Earlier today, I was reading the Tools and Toys weekly roundup and thought it was a really good idea. In addition, I realized that I often have time to tweet about articles, but I don’t always have time to sit and write a blog post about them. Those two things came together like a shock and I decided to gather my thoughts about various articles/books/etc. that I have read and each week post a postmortem, commenting where necessary and letting a block quote or title stand on its own elsewhere. I think this will also allow me a twofold path toward accountability for continuing to read and for consistent frequency of posts on this site. All in all, the variety that will present itself will be natural and organic, connected to what I read and do, which one week may be mainly book reading and another week may be recipes. Consider this Week One of an ongoing series of what I am calling Eloquent Roundups.1
This week, I read a great article about the worldwide use of coal as a power source and its future with carbon capture and storage (CCS) in Wired (originally read in print, April 2014 edition); about a Icelander brilliantly fundraising out of his kitchen window with coffee; a discussion of practices—or lack thereof—in long term SSD storage; how the US is practically an undeveloped country in terms of parental leave at the birth of a child; and the fact that the importance of reading is higher than ever, as our brains atrophy, looking at screens.
One other thing of note for this week, the Dane County prosecutor announced that he will not be prosecuting the police officer who shot and killed Tony Robinson earlier this year, so I also read a number of articles prior to the announcement and reactions after the fact; one of the reactions was particularly poignant.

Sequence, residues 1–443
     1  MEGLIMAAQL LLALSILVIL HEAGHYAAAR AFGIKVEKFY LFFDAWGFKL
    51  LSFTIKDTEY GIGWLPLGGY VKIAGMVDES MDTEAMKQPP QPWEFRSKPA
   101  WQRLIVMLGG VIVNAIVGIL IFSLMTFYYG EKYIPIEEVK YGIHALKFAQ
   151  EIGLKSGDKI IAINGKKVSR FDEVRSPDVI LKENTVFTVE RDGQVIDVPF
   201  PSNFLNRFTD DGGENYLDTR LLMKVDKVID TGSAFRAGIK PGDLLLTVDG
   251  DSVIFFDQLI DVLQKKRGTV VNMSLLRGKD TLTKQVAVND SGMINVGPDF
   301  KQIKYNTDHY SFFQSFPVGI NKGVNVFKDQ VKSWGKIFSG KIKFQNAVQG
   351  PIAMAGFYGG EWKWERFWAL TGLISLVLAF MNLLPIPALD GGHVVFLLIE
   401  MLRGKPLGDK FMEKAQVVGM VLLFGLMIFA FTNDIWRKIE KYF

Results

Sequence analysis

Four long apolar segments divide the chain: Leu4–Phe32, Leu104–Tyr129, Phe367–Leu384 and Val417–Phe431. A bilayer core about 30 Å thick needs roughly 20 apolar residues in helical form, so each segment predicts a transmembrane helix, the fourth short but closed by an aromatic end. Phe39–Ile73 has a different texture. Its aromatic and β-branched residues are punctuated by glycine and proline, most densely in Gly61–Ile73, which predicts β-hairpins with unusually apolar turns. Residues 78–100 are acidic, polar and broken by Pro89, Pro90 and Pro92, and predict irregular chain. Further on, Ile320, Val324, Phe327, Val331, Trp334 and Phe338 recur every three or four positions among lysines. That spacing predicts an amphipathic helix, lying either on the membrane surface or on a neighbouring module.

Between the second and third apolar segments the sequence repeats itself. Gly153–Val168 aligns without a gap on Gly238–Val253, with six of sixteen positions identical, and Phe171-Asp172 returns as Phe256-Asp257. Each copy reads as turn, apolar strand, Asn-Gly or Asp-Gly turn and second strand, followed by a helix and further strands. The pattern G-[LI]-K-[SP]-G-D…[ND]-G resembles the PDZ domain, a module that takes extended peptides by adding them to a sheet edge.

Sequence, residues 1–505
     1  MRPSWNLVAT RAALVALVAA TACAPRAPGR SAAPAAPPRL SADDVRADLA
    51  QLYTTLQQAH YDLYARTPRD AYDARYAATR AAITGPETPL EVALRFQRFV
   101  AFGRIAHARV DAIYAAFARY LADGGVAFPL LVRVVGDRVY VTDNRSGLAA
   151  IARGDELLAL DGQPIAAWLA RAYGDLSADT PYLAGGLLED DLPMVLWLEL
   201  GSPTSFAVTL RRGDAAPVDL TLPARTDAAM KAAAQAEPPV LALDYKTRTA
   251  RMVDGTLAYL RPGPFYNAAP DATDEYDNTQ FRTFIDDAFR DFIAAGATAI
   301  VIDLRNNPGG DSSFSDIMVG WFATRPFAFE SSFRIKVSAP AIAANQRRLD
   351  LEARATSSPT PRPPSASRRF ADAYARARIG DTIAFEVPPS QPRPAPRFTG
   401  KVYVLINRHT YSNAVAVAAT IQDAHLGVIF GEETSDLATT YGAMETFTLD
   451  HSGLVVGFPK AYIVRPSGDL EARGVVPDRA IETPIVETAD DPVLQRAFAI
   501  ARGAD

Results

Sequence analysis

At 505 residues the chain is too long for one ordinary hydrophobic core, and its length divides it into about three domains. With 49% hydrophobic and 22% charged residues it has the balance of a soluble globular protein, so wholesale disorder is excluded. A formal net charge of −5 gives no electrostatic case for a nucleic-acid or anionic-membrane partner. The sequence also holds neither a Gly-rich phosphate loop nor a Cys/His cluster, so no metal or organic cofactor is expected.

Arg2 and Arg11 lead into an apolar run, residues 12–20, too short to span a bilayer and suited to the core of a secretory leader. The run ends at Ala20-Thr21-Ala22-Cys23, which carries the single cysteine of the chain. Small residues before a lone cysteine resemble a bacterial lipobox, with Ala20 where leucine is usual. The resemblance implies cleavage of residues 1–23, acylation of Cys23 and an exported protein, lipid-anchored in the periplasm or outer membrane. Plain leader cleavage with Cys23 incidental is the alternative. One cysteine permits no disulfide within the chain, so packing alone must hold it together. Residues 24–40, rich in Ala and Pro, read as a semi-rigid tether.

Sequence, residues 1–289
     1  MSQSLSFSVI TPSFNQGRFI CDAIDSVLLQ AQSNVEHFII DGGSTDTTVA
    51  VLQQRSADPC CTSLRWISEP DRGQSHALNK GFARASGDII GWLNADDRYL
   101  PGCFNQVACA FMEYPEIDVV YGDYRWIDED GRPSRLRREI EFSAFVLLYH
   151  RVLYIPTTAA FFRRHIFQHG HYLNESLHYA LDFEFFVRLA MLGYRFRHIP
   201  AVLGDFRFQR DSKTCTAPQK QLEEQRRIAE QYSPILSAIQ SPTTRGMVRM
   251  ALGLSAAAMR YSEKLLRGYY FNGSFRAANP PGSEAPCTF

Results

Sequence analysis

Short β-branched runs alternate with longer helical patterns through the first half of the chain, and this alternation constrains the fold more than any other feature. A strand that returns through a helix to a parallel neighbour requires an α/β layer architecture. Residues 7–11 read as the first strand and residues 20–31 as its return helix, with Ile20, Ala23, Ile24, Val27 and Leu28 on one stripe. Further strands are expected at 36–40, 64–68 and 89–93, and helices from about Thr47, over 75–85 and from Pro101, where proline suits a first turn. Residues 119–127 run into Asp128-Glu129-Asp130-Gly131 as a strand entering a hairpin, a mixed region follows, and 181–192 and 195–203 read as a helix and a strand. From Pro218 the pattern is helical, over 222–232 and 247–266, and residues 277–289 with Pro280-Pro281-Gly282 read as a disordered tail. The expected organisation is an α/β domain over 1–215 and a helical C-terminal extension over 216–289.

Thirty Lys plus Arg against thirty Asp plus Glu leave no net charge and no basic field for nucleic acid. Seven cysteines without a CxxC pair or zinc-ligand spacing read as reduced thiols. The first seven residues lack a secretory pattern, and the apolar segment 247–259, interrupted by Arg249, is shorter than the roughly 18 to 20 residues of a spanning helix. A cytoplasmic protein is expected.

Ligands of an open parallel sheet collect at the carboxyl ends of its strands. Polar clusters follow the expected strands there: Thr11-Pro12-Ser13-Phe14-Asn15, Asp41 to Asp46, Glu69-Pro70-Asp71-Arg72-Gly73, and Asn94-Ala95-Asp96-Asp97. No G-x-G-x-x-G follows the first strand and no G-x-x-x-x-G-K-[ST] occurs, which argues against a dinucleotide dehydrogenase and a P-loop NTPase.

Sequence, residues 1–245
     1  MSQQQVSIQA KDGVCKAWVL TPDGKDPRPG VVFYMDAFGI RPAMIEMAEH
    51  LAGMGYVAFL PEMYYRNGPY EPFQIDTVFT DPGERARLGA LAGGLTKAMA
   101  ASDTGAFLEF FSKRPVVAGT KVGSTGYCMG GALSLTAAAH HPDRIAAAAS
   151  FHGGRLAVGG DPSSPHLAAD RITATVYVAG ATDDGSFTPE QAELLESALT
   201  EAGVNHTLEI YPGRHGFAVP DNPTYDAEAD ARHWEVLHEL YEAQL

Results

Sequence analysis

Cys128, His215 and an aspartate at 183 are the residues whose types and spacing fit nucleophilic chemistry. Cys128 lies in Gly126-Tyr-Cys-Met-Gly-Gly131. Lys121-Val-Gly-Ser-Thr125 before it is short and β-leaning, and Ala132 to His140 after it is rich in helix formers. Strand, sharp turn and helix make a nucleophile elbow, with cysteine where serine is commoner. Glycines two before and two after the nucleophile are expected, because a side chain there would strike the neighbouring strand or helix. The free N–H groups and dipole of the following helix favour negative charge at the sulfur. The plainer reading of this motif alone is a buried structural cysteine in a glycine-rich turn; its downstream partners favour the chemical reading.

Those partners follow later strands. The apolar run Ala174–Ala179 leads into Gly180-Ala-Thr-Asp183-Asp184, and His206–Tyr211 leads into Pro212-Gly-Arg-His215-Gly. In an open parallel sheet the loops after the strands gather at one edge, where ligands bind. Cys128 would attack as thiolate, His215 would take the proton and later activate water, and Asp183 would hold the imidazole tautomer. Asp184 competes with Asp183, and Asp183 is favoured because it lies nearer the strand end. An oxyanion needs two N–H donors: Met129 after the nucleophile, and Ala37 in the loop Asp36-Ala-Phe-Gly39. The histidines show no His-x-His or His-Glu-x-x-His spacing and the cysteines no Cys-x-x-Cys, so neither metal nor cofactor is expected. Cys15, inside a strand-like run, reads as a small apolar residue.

Being that this is the first week and I literally came up with this idea a few hours ago, I will only be listing the articles I read. Future posts within this series will come with block quotes and my personal thoughts and comments.↩
Did the Internet community peak at bookmarks? Asked in a different and perhaps more complete way: just as technologies like RSS and email in their purest forms are hard to beat even as technology marches forward, what better technology exists to keep track of information on the ever-expanding Internet than bookmarks? Taken a step further, what better way to share the bookmarked information than a site of your own? As such, I‘ve been reading, which is why I write now.
Working in and having a passion for libraries, I am struck by the fact that the way bookmarks work in the physical world is not directly analogous to bookmarks in the digital world. Bookmarks in the digital world are instead like dog-eared pages or highlighted passages; if you think of the Internet as a single tome, that is. In any case, anything that moves you to deface a book should probably be shared or become immortalized in some other way than just a reference for a future version of yourself.